The Internet is access, power, knowledge, connections, and potential. It's engagement, empowerment, community, and a place where anyone can be a brand. It is the Oracle at Delphi, and a means of quasi-omniscience, all questions answered, and apps that tell you where you are, where to go, whom to see, where they went, and why they don’t like you. You don’t need anything but what’s on that screen. If you’re hungry, there’s Seamless.
But some of those, ahem, less sanguine, skeptical, and generally morose types we all know would argue that the Internet makes people less curious, less interested, and only superficially informed about what's happening out there in life. Such Gollums will argue that supplanting experience with digital stimulation makes one’s experience of society as flat, fleeting, and fuzzy as a retina burn.
These nattering nabobs of negativism will say, furthermore, that the real, actual, physical people inhabiting the world are actually rendered less substantial, with less portent, than the ones we meet through gifs and videos, and about whom bloggers, reporters, vloggers, friends, foes and trolls write about incessantly.
Thus, skeptics will blather, we are less interested in real than in the manufactured spontaneity of “reality.” “Well, (chortle), that goes far in explaining Donald Trump's success in politics,” they’ll joke. “He's proof we aren't citizens anymore, but subjects.”
Treason, that. Thomas Jefferson would have you hanged for that, were he here. He erased that word, remember? He took “subjects” out of the first draft of the Declaration of Independence, and replaced it with “consumers.” I mean “citizens.” And the Neil Postmans of the world, with their, “There's no longer any difference between discourse and entertainment.” I know the difference: The latter is fun and changes every 1.5 seconds; the former is boring and requires more time than I have today. Yes, I'm a tad too busy this week to pick up The Charterhouse of Parma. I have a life. Long live me! And I’m not wasting time at the Lincoln/Douglas debates.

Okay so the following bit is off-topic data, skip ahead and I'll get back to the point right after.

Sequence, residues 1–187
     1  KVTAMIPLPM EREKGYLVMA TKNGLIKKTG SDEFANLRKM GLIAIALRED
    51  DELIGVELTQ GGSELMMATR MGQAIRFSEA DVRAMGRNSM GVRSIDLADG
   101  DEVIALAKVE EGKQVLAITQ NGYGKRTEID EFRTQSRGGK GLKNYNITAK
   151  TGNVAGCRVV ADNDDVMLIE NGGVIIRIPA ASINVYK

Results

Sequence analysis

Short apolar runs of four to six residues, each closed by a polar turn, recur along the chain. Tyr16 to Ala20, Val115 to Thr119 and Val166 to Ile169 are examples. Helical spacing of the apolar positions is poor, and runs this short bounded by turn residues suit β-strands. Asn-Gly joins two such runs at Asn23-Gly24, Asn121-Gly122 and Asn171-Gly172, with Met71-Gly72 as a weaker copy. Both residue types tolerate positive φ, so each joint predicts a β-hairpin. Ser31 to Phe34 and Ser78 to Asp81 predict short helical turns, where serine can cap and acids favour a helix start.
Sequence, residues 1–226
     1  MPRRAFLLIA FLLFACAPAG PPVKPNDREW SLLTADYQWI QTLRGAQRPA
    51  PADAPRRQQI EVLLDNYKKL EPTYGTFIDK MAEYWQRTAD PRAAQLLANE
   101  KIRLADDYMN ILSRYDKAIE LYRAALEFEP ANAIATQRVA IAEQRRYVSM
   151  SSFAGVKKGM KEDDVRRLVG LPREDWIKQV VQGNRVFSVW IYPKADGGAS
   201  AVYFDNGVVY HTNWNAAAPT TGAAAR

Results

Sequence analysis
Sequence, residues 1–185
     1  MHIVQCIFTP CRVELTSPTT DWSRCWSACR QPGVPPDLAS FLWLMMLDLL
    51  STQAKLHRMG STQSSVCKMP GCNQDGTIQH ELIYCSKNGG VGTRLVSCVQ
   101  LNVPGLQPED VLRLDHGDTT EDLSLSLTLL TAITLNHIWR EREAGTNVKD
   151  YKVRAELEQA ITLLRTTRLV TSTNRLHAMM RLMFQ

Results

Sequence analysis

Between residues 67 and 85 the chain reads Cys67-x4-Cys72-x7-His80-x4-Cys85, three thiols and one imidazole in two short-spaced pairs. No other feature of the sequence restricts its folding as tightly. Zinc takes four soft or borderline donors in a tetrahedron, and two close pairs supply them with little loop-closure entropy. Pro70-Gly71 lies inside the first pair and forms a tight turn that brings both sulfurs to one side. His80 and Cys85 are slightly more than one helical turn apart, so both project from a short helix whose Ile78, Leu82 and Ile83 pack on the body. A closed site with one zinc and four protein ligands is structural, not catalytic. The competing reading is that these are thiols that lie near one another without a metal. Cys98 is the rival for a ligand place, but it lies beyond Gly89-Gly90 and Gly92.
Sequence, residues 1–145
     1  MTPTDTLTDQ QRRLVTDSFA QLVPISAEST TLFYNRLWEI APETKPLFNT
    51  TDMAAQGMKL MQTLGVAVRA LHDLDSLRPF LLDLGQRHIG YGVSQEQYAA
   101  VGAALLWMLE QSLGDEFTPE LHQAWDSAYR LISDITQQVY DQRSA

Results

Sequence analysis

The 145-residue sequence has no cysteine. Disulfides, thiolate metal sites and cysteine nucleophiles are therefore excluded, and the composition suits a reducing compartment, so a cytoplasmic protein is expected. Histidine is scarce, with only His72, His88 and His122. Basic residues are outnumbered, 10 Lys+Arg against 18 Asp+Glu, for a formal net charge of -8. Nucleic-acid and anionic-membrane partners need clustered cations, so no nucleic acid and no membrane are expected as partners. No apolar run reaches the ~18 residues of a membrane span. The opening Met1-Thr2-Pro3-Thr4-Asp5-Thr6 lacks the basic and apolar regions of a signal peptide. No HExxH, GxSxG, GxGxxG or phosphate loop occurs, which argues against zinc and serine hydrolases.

The other argument I heard recently: ecommerce and digital life in general have fueled the growth of a disenfranchised population. Huh? I heard this from a friend who I think is on Zyprexa right now, so I'm not taking this as gospel. He thinks Oprah is talking to him. His argument: The Internet isn't creating an un-empowered underclass, but it's keeping more and more people there in a permanent state. He told me, after having taken a stroll through Times Square (he’s got lots of time to do that because he's too lazy to get a job) that he was shocked.
“I'm seeing people, middle-aged men and women, just sitting in chairs at tables strewn around the Square. Not drinking, not talking to themselves, but clearly impecunious, maybe homeless, maybe not. But just sitting. Lots of them. No work, no prospects.”
These people, he intoned, just stare into the middle distance at nothing. Nothing to do, no one to call, no computer to use for Monster.com job hunting. My erudite, sanctimonious friend, who imagines he's Disraeli and speaks like Bernard Shaw said, “Ah, few but the self-deluded and the even rarer Horatio Algers of the world would argue that the bottom ever leaves the bottom. But,” he continued, “I'd argue that the situation in the U.S. is now far worse, partly because they are not only physically, but also digitally excluded.”
This argument I've heard, too: first, once you're down and out you not only don't have a bank account, but you don't have a smartphone, T-Mobile account with data usage, or a laptop. My friend pointed to a report he saw in U.S.A. Today this week about how the majority of job growth has been in high-income employment, meaning the digital economy. So what? Hate to be crass here, but history isn't kind, never has been, and that's why it is strewn with the detritus of people, and whole societies, hurled into the void like rocks from a catapult.
And Americans? We certainly aren't subjects. We are consumers. I mean citizens. Sorry. And if we want to be entertained, we deserve it. And if people want their smart thermostats, their self-regulating foot deodorizers, and their mega teeth-whitening digital toothbrush that not only brushes your teeth, but tells Facebook which of your teeth are cleanest today (as part of a social promotion where people online compete for a year’s supply of tongue cleaner), by God, let them get it, and let them buy with their phones. And let them Skype their teeth to their friends.
I, for one, will work tirelessly for a world that is entirely on my screen so I never have to actually look at anything else. Permanent Oculus Rift implants for me. I shan’t sleep until I never have to look at another, actual human again and every screen knows my name. As someone said once on YouTube, “I will not cease from Mental Fight, Nor shall my Sword sleep in my hand, Till we have built Jerusalem, In England's green & pleasant Land.” I mean England.com, sorry. Wait, where’s England?